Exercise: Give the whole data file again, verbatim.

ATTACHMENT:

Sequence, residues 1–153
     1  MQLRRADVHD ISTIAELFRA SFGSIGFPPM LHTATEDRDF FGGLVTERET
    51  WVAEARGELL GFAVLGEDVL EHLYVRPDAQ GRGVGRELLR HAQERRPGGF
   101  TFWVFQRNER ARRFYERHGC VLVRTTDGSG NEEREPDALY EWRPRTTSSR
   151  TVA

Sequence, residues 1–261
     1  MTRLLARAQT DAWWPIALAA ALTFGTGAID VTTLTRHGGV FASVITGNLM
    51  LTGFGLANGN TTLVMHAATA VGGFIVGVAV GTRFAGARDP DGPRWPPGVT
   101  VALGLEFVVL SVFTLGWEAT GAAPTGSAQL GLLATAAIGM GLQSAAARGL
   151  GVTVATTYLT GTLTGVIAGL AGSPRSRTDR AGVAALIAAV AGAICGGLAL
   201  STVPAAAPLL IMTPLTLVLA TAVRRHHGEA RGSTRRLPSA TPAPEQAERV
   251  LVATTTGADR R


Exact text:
Sequence, residues 1–153
     1  MQLRRADVHD ISTIAELFRA SFGSIGFPPM LHTATEDRDF FGGLVTERET
    51  WVAEARGELL GFAVLGEDVL EHLYVRPDAQ GRGVGRELLR HAQERRPGGF
   101  TFWVFQRNER ARRFYERHGC VLVRTTDGSG NEEREPDALY EWRPRTTSSR
   151  TVA

Sequence, residues 1–261
     1  MTRLLARAQT DAWWPIALAA ALTFGTGAID VTTLTRHGGV FASVITGNLM
    51  LTGFGLANGN TTLVMHAATA VGGFIVGVAV GTRFAGARDP DGPRWPPGVT
   101  VALGLEFVVL SVFTLGWEAT GAAPTGSAQL GLLATAAIGM GLQSAAARGL
   151  GVTVATTYLT GTLTGVIAGL AGSPRSRTDR AGVAALIAAV AGAICGGLAL
   201  STVPAAAPLL IMTPLTLVLA TAVRRHHGEA RGSTRRLPSA TPAPEQAERV
   251  LVATTTGADR R